Human cultures have long struggled, however, against the inevitability of dying, or at least of bodily death, by creating notions of life beyond the grave. Our bodies may be prone to fail and die, but the spirit (or psyche or anima) might be thought to have an independent existence that outlives the body’s demise. In Greece in the seventh and sixth centuries BC a number of cults arose that revolved around stories of individuals who had experienced physical death (in a sense) by descending to Hades but had returned from it alive. The myth of the minstrel Orpheus, who descended to the Underworld to rescue his beloved wife Eurydice, was one of the best known of these. It underlay the mystery religion of Orphism which, practised alongside more standard religious beliefs about the gods, held that individuals initiated into the Orphic ‘mysteries’ – a set of secret and privileged cult doctrines and activities – could learn how to obtain personal immortality.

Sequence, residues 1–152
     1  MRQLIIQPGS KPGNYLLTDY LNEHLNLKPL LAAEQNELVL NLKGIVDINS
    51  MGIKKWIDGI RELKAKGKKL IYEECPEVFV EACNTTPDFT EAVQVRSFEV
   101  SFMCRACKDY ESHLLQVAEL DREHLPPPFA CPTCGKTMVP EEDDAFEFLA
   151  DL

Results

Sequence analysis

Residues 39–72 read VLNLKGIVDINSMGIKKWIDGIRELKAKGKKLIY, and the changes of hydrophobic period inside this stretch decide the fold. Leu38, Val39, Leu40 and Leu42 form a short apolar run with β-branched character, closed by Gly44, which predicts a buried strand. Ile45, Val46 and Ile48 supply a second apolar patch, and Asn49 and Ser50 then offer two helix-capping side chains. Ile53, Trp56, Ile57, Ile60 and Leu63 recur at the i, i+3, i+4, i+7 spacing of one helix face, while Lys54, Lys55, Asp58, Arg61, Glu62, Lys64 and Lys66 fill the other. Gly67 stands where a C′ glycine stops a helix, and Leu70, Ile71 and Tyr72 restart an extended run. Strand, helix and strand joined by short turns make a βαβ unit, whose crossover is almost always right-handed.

One of those who adopted Orphic mystery practices in the sixth century BC was the philosopher-sage Pythagoras, who claimed to have memory and knowledge of various former lives. A trader and musical theorist as well as a proto-mathematician, Pythagoras recognised that money was as potentially endless as the number series. However, human beings faced a continual tension between the intractable nature of limitlessness and the desire to find order and continuity in their lives. One possible remedy was offered by Pythagoras’s insistence that the soul was reborn into new bodies, and that while he himself would live only a limited life-span, he could transcend mortality by recalling who he had been in previous lives. After all, the seeker of immortality would feel short-changed to be told their soul might live forever but that they themselves would not have any memory or enjoyment of their own continuing lives. Pythagoras gave evidence for his personal continuity by entering a temple and recognising a shield hung on the wall as belonging to him in his former life as the Trojan hero Euphorbus; when the shield was taken down from the wall, the name ‘Euphorbus’ was found written on the back. (Unfortunately for the verisimilitude of Pythagoras’s claim, we know that the Greek alphabet had not yet been invented at the time of the Trojan War).